"During his eight years as Lieutenant Governor and Governor, Senator Kaine went beyond the requirements of Virginia law, even publicly disclosing gifts of value beneath the reporting threshold," said Amy Dudley, Kaine's Director of Communications. "He's confident that he met both the letter and the spirit of Virginia's ethical standards."
    That is not stopping Republicans from reminding voters that Kaine too accepted expensive gifts during his time as a public servant.
    "Putting Tim Kaine on the ticket would be a real problem for Hillary Clinton in Virginia," said John Whitbeck, chairman of the Republican Party of Virginia. "Kaine has his own gift problems, and Virginians have made it very clear they have no appetite for even the appearance of corruption."
    Former Virginia Gov. L. Douglas Wilder, a Democrat but someone who in the past has been critical of Kaine, argued that Kaine has never even been accused of tipping the scales in someone's favor.
    "I have read of nothing and know of nothing that would be problematic in that regard," Wilder said.
    Wilder was opposed to President Barack Obama's decision to tap Kaine as Democratic National Committee Chairman in 2009. But he feels much differently about Kaine as a potential running mate for Clinton.
    "I did not think he would make a good party chairman and I was right," he said. "But I think he would be a good choice (as vice president). I think he has a personality that lends itself to working with the other side."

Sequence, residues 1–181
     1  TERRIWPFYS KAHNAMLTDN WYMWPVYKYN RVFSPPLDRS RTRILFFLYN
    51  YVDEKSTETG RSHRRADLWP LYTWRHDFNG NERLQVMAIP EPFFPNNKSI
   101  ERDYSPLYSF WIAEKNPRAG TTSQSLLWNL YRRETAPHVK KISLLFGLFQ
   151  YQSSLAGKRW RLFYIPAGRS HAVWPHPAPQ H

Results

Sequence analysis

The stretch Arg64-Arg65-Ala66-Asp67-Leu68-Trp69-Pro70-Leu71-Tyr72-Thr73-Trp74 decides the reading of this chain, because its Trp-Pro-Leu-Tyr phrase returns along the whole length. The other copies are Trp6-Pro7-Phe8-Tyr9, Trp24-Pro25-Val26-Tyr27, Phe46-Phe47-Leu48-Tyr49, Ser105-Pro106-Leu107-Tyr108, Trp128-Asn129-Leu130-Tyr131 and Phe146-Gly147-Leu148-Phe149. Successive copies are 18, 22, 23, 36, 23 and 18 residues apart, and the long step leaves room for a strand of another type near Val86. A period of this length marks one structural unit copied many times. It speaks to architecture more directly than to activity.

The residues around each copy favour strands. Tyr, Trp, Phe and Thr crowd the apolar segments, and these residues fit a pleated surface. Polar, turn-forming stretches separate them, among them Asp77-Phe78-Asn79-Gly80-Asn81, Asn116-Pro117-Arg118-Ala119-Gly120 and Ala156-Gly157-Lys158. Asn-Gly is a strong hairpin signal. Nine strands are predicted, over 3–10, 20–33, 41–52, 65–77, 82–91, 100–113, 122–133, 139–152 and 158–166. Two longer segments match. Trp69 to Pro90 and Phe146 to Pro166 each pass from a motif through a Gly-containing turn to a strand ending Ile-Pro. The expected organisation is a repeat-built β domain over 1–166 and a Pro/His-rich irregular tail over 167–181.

Wilder believes that Kaine's past is well known and not an impediment to his potential as national candidate. He is convinced the key factor in Clinton's decision will depend on how much strategic value she places on Virginia.
    "Even though she is well positioned in Virginia, she shouldn't take anything for granted," Wilder said. "Because forces on the ground rather than polls numbers will determine the winner."
    Virginia Republicans, who supported McDonnell, argue the pain of the gifts scandal looms too large for Clinton to take the risk of tapping Kaine.
    "Putting a Democrat Virginia governor on the ticket who took gifts while a Republican Virginia governor who took gifts is still fighting it out in court, is just a reminder that Clinton, Inc., plays by their own rules," Whitbeck said. "Kaine on the ticket with Clinton just reinforces the image that they believe they are untouchable, and Virginians are tired of that."
    But Wilder believes Kaine's undefeated track record statewide in Virginia is still valuable and he thinks the state is far more competitive than polls currently show. He said the Clinton team would be wise not to take the state for granted, especially after the 2013 victory of Clinton's friend, Gov. Terry McAuliffe, turned out to be much closer than what was predicted.
    "There were polls that showed McAuliffe would win by 12 points," Wilder said. "It didn't work out quite like that."